CINI focused on developing community and parental awareness and building their skills and knowledge to support deaf children to reach their full potential. Building the capacity of parents to understand effective communication, inclusive education, tools and methodologies for language, numeric and social skills development, rights and entitlements, has enabled them to provide the requisite support. Increasingly, deaf children have been enrolled in mainstream schools, ensuring their participation in the learning process and other school activities.
The role of parents
Dynamic parents who attended CINI training were mobilised to form a support group of ‘Resource Parents’ to address queries, exchange information, express views, and acquire knowledge regarding disability schemes and scholarships, along with providing academic and learning support to their children. The support group formed by 15 mothers in 2017 provided coaching support at centres for parents to help their children learn Indian Sign Language (ISL) at home.
Through the years, the mothers have become more self-aware, confident, and independent. They stay updated on facilities for people with disabilities, which has led to the support group becoming bigger and better. Currently, 36 parents actively work together to understand the comprehensive challenges faced by deaf children in fulfilling their rights, and function as a support group for each other and other parents to answer questions, spread awareness, and most importantly provide learning support to deaf children.
The difficulties faced during admission of deaf children into general schools have been significantly reduced by the resource parents group. They are establishing relationships with school teachers and Sarva Shikshya Mission Resource centres, thereby facilitating smooth enrolment of deaf children. Parents can now directly communicate with the teachers in cases of urgency and need.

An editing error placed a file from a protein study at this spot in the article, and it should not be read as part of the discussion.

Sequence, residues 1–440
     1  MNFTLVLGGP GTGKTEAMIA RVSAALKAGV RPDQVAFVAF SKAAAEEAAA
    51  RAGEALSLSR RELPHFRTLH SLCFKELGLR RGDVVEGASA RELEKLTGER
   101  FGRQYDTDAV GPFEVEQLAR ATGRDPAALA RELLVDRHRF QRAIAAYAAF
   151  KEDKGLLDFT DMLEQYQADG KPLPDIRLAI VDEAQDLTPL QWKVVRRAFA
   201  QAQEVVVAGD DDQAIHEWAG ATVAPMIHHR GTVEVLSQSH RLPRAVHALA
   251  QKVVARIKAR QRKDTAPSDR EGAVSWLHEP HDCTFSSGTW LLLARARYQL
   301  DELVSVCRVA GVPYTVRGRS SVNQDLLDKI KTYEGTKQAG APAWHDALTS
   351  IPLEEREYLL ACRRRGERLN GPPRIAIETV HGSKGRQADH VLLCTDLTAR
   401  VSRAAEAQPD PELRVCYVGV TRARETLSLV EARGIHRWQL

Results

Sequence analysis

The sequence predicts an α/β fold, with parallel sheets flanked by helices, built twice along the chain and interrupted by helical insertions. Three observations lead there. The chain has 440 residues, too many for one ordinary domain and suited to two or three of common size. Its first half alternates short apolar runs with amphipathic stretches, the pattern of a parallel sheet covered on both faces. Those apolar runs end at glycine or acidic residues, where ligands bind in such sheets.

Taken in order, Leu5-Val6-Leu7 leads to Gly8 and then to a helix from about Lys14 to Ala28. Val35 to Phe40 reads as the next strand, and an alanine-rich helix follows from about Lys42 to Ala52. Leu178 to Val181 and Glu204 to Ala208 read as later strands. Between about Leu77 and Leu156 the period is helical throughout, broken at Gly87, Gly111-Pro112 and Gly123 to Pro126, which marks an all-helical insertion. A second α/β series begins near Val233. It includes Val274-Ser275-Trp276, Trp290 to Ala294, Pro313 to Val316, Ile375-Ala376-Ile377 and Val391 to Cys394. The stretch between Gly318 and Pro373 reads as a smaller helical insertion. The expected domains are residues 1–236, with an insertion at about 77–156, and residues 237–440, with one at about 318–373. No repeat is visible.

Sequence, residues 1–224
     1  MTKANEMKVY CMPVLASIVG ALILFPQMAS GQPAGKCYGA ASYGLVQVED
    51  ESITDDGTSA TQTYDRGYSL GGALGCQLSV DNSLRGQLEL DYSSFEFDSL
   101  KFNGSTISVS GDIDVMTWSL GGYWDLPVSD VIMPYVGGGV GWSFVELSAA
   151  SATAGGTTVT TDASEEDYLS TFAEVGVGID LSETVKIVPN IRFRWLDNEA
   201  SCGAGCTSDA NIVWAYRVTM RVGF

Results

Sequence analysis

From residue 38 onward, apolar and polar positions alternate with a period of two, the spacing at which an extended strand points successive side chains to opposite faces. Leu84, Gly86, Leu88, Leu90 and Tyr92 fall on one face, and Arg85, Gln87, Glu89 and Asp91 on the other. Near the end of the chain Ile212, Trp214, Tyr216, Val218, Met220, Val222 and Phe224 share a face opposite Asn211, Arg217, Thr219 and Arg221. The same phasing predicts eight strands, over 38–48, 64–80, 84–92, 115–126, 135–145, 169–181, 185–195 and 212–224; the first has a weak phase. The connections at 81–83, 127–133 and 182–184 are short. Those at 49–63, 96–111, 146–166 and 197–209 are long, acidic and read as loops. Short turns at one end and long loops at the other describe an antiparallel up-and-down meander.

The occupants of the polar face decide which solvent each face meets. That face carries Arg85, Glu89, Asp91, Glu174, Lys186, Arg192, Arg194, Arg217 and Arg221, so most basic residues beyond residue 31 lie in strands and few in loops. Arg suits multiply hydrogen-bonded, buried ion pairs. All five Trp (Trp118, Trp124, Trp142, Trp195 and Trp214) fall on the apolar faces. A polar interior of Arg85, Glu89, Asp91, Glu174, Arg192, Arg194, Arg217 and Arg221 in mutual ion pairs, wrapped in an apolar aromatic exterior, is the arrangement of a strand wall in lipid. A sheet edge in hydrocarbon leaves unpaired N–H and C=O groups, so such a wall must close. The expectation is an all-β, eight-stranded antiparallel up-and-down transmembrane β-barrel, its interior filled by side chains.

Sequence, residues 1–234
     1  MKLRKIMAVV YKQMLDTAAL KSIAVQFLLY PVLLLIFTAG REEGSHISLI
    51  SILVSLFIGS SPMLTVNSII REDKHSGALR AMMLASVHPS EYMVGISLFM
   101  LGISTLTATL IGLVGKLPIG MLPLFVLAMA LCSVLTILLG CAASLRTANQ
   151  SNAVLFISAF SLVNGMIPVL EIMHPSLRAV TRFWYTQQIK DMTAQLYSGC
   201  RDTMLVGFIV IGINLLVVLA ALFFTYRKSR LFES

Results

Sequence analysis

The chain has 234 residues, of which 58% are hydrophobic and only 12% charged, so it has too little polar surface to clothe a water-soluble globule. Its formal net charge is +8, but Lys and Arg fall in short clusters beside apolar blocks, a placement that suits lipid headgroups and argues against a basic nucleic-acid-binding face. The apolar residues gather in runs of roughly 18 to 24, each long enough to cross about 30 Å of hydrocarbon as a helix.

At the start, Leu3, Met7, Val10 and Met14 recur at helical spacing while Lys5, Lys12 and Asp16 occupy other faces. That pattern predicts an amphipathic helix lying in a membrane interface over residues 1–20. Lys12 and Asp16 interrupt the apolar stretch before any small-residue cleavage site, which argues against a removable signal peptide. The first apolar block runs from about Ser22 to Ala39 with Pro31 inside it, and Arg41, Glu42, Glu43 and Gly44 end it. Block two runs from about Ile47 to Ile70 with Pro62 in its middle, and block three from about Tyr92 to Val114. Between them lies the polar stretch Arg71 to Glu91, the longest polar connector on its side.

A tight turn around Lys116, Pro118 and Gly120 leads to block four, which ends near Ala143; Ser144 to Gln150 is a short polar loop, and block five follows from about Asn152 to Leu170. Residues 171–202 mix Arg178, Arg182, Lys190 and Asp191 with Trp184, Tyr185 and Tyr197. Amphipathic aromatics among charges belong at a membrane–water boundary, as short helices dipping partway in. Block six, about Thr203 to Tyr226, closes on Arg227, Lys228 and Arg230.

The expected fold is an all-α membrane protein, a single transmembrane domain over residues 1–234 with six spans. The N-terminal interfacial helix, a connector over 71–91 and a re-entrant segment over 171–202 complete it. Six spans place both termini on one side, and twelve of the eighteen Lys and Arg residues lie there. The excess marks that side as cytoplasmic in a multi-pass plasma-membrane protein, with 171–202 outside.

Using a training of trainers (TOT) approach, resource parents learn about child rights, child safeguarding policy and the rights of people with disability in India. They also receive training at the intermediate ISL level and on academic orientation, focusing on lesson adaptation, individual education planning and supporting the development of teaching learning materials.
Resource parents have been instrumental in supporting other parents to provide extra tuition for their children to help them develop their learning and to ensure they receive their entitlements. In the last 4 years, 231 deaf children have been retained and supported out of which 118 have enrolled in government formal schools, receiving a stipend, benefits, certificates, aids and appliances, books, and learning materials from different sources.
The achievements of enrolling deaf children in schools and promoting inclusive education in the community are a small but impactful step to developing a future for all children with disabilities. The positivity and efforts of resource parents are a source of inspiration for other parents to join in with the effort.
The transformation of parents from a state of apprehensive faith to poised leaders who are committed towards bettering the lives of their deaf children is encouraging. They are now setting goals and a vision for their work, becoming a self-sustaining group and inching towards registering themselves as an independent body.
More information about the project can be found on the following websites: